Passing any kind of millage in northern Michigan is a tough task, and it might become an even tougher job in the future. Last week Governor Rick Snyder signed a campaign finance law that prohibits public groups, like schools, from talking about millage votes within 60 days of an election.
"It's important that we get the information out to our community members," Steve Prissel, superintendent of Elk Rapids Schools, says. "This 60 day mandate ... just closes the door on us having the ability to be transparent."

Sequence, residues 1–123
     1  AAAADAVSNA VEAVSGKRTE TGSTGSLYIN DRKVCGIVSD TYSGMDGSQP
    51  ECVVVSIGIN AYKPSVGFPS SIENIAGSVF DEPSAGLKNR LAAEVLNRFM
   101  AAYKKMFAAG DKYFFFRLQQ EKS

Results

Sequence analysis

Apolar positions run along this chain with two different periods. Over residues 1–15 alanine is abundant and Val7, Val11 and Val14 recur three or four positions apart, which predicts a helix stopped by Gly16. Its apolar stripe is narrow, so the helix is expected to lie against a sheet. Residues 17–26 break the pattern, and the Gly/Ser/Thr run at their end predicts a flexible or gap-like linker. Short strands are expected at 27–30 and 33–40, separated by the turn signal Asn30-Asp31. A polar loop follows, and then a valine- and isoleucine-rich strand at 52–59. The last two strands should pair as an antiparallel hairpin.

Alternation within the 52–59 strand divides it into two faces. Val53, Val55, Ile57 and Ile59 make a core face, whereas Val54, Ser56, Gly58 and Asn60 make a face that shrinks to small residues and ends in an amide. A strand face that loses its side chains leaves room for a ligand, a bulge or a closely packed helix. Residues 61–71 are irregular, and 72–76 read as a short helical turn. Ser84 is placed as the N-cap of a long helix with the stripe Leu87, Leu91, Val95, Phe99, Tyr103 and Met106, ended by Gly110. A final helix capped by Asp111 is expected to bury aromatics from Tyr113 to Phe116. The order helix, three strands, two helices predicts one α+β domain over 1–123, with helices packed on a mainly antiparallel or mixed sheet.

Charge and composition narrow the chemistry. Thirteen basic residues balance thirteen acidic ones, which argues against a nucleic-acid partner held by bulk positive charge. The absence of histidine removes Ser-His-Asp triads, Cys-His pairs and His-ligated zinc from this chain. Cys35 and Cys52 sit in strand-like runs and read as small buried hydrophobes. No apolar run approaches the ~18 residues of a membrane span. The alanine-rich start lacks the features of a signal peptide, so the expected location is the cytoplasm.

The district failed to pass a $10 million school bond twice in 2013 and 2014.
Some opponents have called this law a 'gag order,' saying it will unfairly hamstring the ability of school districts and local governments to pass tax increases.
Rick Pluta, capitol bureau chief for the Michigan Public Radio Network, explains the law further: